Drinks-for-stars promo on open-source GitHub project scrapped after disgusted devs shame it into oblivion

Red-faced SK Telecom coders say soz, reset repo

An open-source project on GitHub has been thrown into disarray after contributors complained it was being promoted via a free drink in return for a star.

The promotion, now withdrawn, appeared on a site operated by SK Telecom, the largest wireless communications provider in South Korea, which sponsors the project. There were step-by-step instructions for creating a user account and starring the Metatron Discovery project, an application for real-time data analytics, based on a customised version of Apache Druid. The campaign seems to have had some success, and the project has nearly 2,500 stars.

A promotion operated by SK Telecom offered freebies in return for starring a GitHub project

A promotion operated by SK Telecom offered freebies in return for starring a GitHub project

A GitHub star is a public bookmark. Users star a site to add it to a favourites list so they can find it again easily. Although not the same as a social media "like" button, it has some similar characteristics and is used by GitHub in its list of trending repositories. "We look at a variety of data points including stars, forks, commits, follows, and pageviews, weighting them appropriately," says GitHub.

Stars on the project page - but how many were the result of a dodgy promotion?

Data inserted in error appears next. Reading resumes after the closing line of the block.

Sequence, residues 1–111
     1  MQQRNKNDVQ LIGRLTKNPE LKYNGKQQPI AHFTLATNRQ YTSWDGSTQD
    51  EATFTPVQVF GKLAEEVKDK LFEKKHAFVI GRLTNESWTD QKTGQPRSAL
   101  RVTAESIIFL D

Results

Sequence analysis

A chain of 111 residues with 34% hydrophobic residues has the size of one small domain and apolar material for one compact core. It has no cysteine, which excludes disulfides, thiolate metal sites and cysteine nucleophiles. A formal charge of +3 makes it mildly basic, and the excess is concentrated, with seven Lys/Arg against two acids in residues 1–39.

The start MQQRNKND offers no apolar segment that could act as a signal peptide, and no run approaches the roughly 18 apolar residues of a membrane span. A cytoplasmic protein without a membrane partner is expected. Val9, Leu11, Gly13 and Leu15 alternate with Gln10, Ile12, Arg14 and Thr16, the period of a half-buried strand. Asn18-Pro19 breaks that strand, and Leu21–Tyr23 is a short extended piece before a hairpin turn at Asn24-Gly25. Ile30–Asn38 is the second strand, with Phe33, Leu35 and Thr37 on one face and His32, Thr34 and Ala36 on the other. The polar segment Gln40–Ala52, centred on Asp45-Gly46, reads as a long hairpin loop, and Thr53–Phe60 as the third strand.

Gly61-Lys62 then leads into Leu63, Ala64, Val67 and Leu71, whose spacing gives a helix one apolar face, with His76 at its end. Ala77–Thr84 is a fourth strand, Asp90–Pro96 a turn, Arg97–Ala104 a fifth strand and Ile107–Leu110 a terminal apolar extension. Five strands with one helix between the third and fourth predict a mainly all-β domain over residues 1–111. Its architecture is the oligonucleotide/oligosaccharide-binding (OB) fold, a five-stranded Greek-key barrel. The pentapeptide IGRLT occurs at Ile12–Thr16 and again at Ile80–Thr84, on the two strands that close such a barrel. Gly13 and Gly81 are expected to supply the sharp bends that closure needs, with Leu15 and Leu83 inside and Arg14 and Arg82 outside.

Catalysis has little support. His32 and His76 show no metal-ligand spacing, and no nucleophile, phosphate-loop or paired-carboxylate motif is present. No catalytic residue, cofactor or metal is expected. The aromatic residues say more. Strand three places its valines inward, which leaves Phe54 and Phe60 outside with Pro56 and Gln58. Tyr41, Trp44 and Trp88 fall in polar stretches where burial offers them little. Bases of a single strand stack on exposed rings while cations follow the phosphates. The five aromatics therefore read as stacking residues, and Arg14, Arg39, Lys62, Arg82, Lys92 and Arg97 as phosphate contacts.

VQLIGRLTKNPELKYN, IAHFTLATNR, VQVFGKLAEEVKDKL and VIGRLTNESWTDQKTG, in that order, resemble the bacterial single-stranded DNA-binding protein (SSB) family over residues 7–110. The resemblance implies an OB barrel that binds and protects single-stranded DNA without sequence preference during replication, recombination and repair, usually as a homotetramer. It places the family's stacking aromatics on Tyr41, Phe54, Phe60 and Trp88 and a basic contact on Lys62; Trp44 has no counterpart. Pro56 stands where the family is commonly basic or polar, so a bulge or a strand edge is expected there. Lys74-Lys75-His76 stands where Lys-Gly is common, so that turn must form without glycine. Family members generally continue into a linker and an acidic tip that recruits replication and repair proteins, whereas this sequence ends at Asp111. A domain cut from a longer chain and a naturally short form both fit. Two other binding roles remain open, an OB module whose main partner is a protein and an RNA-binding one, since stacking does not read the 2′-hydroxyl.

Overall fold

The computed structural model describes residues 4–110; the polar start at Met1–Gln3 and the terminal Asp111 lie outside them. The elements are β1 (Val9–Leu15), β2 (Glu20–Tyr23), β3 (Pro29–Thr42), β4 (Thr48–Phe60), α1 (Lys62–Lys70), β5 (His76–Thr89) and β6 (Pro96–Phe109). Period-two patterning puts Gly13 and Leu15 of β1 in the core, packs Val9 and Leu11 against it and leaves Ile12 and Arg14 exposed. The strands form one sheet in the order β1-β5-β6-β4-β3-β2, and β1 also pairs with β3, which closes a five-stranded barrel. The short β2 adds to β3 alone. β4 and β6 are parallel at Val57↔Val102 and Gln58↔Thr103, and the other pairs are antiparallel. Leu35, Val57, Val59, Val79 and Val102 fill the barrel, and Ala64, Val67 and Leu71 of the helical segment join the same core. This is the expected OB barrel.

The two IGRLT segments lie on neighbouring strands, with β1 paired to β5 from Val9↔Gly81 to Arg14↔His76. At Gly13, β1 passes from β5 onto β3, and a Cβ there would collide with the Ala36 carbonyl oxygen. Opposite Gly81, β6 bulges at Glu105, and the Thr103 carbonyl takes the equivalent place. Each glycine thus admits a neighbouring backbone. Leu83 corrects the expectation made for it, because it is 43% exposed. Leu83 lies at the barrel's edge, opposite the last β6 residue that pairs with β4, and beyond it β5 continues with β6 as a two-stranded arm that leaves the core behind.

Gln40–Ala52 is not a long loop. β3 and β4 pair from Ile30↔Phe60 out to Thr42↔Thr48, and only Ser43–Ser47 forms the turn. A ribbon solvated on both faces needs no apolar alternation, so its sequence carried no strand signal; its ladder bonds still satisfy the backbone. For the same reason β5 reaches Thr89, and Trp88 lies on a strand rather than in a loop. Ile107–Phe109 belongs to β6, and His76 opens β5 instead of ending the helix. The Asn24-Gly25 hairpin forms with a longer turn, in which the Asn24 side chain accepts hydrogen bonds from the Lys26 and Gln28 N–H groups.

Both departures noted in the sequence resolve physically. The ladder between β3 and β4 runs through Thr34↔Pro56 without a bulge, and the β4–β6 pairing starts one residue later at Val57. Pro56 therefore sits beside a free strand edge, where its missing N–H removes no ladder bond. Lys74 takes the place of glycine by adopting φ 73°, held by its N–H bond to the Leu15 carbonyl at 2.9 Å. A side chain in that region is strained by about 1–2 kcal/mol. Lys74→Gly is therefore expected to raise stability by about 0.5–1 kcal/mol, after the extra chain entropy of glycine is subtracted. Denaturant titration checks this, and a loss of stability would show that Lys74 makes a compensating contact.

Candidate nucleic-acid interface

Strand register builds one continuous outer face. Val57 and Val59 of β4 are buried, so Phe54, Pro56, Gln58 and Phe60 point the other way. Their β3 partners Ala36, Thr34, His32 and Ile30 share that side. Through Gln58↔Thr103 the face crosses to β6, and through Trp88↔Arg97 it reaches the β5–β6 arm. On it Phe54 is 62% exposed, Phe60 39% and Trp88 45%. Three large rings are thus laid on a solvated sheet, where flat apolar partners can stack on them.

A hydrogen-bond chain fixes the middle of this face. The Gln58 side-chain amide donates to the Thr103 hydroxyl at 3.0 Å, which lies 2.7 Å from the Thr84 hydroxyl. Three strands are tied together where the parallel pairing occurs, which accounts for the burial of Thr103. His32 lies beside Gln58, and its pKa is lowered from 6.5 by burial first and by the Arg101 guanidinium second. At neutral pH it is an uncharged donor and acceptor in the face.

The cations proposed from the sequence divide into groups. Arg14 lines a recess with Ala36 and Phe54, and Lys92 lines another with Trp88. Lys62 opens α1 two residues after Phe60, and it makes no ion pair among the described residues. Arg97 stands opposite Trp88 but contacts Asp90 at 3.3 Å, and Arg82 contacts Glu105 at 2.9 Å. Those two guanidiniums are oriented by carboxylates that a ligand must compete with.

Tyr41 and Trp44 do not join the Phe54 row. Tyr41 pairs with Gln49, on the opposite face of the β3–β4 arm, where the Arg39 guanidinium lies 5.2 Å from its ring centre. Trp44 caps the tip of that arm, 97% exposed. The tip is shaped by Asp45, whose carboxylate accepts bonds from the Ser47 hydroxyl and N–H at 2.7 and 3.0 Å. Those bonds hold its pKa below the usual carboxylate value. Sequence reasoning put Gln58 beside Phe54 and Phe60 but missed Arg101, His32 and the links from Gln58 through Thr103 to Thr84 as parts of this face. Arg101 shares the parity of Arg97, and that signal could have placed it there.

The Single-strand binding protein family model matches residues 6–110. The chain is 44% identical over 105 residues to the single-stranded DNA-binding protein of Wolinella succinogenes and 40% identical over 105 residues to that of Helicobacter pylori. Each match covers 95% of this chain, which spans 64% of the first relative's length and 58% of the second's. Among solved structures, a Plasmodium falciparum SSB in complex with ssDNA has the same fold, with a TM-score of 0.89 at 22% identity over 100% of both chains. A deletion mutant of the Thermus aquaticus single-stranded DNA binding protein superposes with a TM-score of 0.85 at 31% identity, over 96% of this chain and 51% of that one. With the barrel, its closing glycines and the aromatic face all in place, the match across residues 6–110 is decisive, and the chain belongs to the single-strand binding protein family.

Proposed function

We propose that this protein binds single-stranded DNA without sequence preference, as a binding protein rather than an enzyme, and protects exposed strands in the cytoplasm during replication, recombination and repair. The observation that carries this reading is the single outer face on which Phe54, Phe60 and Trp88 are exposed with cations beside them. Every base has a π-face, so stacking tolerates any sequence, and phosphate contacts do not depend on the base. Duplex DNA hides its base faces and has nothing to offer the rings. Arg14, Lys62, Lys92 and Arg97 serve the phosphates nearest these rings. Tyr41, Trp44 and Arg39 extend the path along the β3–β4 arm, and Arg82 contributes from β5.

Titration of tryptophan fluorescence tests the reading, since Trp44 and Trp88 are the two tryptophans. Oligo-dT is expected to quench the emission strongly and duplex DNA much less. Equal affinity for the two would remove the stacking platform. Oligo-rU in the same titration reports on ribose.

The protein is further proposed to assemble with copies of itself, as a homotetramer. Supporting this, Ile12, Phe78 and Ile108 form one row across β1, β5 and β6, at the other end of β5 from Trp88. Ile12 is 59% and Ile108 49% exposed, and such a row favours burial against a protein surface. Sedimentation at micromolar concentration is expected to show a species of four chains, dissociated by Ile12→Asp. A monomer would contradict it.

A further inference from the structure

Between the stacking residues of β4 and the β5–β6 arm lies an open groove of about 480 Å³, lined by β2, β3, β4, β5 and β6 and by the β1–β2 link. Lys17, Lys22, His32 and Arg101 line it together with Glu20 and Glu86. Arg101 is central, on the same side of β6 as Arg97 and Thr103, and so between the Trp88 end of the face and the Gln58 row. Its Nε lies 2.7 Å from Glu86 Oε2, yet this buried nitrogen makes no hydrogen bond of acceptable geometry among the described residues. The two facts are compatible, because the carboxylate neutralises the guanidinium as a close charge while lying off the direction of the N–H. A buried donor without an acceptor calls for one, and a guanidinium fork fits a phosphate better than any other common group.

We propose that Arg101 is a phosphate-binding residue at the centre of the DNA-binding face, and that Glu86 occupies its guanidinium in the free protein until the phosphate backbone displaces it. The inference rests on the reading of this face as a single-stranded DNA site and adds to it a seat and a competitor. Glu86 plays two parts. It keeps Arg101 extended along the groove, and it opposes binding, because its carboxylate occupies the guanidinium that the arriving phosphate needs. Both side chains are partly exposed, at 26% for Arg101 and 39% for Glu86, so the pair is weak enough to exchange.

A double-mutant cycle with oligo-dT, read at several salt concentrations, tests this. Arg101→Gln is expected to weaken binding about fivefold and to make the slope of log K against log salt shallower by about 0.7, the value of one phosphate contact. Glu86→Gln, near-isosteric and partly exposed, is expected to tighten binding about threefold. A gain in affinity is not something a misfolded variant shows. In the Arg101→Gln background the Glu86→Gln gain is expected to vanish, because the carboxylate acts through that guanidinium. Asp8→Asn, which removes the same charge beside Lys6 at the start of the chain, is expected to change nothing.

Stars on the project page – but how many were the result of a dodgy promotion?

Developers involved in the project took a dim view, creating issues entitled "Stop abuse GitHub Star" and "[WARN][GITHUB][ABUSE] Get a chance of free Starbuck drink by starring this repo". "I don't think this helps contributors including SKT employees," said one. "You are ruining all the efforts that communities have made GitHub stars a valuable indicator."

Why do such a thing? The project owner attempted to explain themselves, in a post that has now been replaced by a short apology, stating that it was hard for an open-source project to survive inside a major company and that achieving a high star count would help to prove its worth despite internal company politics – though how this could be the case with such an obvious and public incentive to add stars is not clear.

A developer apparently from the company closed the discussion, stating: "We fully respect the community's voice and we decided to reset our repository. We are waiting for the reply from Github upon the procedures and we will follow their guidelines... We will continuously listen to and respect the community's voice and will put our best efforts to abide by the open-source ecosystem spirit. Once again we are deeply sorry and apologize for this issue."

SK Telecom has done the right thing, but the incident shows that what GitHub intended as a developer-to-developer guide to the popularity of projects is open to abuse. ®




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